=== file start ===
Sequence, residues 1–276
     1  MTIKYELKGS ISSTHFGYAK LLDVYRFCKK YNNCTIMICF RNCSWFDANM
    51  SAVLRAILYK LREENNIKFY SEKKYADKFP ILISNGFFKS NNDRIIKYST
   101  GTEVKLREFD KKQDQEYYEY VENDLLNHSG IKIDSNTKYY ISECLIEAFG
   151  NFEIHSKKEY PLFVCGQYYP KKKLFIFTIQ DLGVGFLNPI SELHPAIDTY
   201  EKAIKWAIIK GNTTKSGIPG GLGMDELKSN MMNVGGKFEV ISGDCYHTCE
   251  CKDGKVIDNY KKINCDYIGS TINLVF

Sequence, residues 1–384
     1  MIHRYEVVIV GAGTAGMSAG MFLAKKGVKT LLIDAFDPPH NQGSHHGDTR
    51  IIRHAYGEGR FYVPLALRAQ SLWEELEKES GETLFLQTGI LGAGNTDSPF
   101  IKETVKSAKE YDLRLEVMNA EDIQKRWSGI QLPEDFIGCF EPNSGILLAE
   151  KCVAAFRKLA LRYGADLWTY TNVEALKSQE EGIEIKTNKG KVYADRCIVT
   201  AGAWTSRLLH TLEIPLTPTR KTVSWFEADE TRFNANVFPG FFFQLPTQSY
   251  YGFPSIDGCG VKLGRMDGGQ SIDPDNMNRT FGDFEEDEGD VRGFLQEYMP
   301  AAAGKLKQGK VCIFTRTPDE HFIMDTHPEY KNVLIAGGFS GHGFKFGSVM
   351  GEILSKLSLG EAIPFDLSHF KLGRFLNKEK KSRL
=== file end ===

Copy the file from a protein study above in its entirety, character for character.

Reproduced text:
Sequence, residues 1–276
     1  MTIKYELKGS ISSTHFGYAK LLDVYRFCKK YNNCTIMICF RNCSWFDANM
    51  SAVLRAILYK LREENNIKFY SEKKYADKFP ILISNGFFKS NNDRIIKYST
   101  GTEVKLREFD KKQDQEYYEY VENDLLNHSG IKIDSNTKYY ISECLIEAFG
   151  NFEIHSKKEY PLFVCGQYYP KKKLFIFTIQ DLGVGFLNPI SELHPAIDTY
   201  EKAIKWAIIK GNTTKSGIPG GLGMDELKSN MMNVGGKFEV ISGDCYHTCE
   251  CKDGKVIDNY KKINCDYIGS TINLVF

Sequence, residues 1–384
     1  MIHRYEVVIV GAGTAGMSAG MFLAKKGVKT LLIDAFDPPH NQGSHHGDTR
    51  IIRHAYGEGR FYVPLALRAQ SLWEELEKES GETLFLQTGI LGAGNTDSPF
   101  IKETVKSAKE YDLRLEVMNA EDIQKRWSGI QLPEDFIGCF EPNSGILLAE
   151  KCVAAFRKLA LRYGADLWTY TNVEALKSQE EGIEIKTNKG KVYADRCIVT
   201  AGAWTSRLLH TLEIPLTPTR KTVSWFEADE TRFNANVFPG FFFQLPTQSY
   251  YGFPSIDGCG VKLGRMDGGQ SIDPDNMNRT FGDFEEDEGD VRGFLQEYMP
   301  AAAGKLKQGK VCIFTRTPDE HFIMDTHPEY KNVLIAGGFS GHGFKFGSVM
   351  GEILSKLSLG EAIPFDLSHF KLGRFLNKEK KSRL